Court slaps temporary ban on Boymelgreen, Africa Israel

Action taken as AG's office probes possible fraud at 15 Broad Street condo

From left: Shaya Boymelgreen, Eric Schneiderman and Lev Leviev
From left: Shaya Boymelgreen, Eric Schneiderman and Lev Leviev

UPDATED, 5:22 p.m., Feb. 28: New York Attorney General Eric Schneiderman said that developers Jeshayahu “Shaya” Boymelgreen and Africa Israel Investments Ltd., led by billionaire Lev Leviev,have been temporarily banned by a Manhattan Supreme Court order from transacting any coop and condo sales. The ban was put in place pending a fraud investigation into dealings at the Downtown Condominium at 15 Broad Street.

The Ag Won A Court order late Thursday amid a probe into unfinished renovations at the condo, which has 382 residential units, and failure to obtain a permanent certificate of occupancy.

Judge Richard Braun ordered the developers to deposit $470,000 — funds that the AG says should have been held in escrow — into a court supervised account. The judge also ordered the developers to hand over financial and construction related documents by March 24, when a court hearing is scheduled. They are also ordered to hand over temporary control of the board to unit owners.

“This fraud on homebuyers, conducted literally on Wall Street, is emblematic of the very worst conduct by property developers,” Schneiderman said in a statement. “Homebuyers at the Downtown Condomium were deprived of the most fundamental aspects of homeownership — a completed home and control of their property.”

“AFI is unable to comment as they literally only received the filing a few hours ago and their attorneys are still reviewing,” said a spokesperson for AFI. Lawyers for 15 Broad were not immediately available for comment.

The AG launched an investigation into the luxury condo building in January 2013, amid years of litigation over construction defects between an independent committee of the condo board and the sponsor entity, which was a joint venture between Boymelgreen and Africa Israel. Although Boymelgreen exercised day-to-day control of the property, after they split in 2007, according to the court docs

The AG alleges that the developers claimed to have $9.4 million in an escrow fund and were using that money to obtain a permanent certificate of occupancy from the Department of Buildings. The investigation shows that the millions were drained from the account within months of establishing the fund and that the developers never attempted to get a permanent certificate, which would involve repairing defects at the building with those funds.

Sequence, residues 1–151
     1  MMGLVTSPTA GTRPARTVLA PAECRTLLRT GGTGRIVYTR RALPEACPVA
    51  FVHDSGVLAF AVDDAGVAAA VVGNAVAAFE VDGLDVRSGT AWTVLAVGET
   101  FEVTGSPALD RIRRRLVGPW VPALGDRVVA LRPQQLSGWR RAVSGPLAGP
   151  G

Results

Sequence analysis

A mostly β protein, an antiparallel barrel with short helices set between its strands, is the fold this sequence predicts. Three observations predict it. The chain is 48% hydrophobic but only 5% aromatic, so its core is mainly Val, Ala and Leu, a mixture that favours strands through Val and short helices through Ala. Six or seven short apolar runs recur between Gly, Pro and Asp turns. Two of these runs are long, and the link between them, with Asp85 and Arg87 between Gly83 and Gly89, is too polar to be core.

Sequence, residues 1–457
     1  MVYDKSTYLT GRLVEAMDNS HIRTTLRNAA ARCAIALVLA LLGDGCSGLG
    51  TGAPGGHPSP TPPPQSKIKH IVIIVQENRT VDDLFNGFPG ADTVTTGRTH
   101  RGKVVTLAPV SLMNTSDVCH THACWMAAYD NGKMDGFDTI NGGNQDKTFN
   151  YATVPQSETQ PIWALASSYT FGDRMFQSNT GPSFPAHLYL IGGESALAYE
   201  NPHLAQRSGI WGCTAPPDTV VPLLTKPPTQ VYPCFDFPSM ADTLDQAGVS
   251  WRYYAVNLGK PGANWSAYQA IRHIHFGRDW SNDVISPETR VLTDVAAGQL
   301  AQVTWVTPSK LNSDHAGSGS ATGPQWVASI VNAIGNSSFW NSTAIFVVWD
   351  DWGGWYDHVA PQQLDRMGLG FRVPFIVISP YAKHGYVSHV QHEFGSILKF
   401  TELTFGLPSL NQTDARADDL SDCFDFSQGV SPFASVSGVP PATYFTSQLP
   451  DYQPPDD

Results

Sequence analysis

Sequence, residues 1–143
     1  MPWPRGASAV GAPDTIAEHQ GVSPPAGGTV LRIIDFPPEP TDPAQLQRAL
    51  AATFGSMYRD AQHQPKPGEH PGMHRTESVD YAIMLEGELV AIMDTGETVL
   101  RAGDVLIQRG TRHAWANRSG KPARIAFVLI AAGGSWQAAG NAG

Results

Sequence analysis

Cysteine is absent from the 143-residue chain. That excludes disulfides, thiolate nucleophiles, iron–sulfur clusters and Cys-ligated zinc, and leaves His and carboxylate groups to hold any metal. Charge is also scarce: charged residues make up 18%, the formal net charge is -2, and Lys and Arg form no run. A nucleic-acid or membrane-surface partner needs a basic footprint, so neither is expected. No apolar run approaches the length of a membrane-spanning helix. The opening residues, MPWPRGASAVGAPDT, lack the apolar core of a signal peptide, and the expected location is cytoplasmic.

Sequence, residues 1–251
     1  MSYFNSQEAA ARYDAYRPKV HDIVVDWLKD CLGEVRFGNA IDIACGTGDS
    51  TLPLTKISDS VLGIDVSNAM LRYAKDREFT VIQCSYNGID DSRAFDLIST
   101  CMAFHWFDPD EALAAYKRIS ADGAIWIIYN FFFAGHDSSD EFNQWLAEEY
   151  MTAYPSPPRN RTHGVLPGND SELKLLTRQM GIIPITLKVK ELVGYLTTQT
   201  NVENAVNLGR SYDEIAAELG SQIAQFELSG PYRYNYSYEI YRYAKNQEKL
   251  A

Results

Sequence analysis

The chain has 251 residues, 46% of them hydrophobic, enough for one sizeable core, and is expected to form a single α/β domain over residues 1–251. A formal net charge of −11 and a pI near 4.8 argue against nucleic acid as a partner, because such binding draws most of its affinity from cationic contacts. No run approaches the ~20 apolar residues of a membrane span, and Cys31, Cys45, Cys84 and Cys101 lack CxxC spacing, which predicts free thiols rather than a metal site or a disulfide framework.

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Account statements show that the developers authorized eight withdrawals from the escrow account, according to court documents, and that as of April 2007, the account contained only $57,747, and as of January 2014, the balance is only $58,000.

The suit also claims that the developers disclosed that the escrow funds would be held in a Citibank account, but they were instead held at Liberty Point Bank, an entity that went out of business, was chaired by Boymelgreen and was shut down by the New York State Banking Department in 2010.

As The Real Deal previously reported, those assets were sold to Wayne, N.J.-based Valley National Bank.

Assistant Attorney General Elissa Rossi, in a sworn affidavit, says that Boymelgreen has refused to comply with a 2013 subpoena from the AG. An attorney for Africa Israel responded to document requests by providing documents that were ‘general and useless,’ in terms of the demands of the AG, Rossi said.

Lawyers for the unit owners said they were pleased that the AG is finally pressing forward with the case.

“After litigating against the sponsor for the past three years and jumping over every hurdle they’ve tried to put in our way, it appears through the AG’s proceeding, that there may be an expedited view of the light at the end of the tunnel,” said attorney Steven Sladkus, representing the unit owners. “The sponsor’s failure to obtain a permanent certificate of occupancy and prolonged control of the board is now being addressed by the state.”

The Real Deal last month reported that Boymelgreen’s son Sam has been developing new projects in New York, amid concerns that he is acting as a front for his father’s business. The son is not named as a target of this investigation at Downtown. A spokesperson for the younger Boymelgreen said he has no connection to 15 Broad.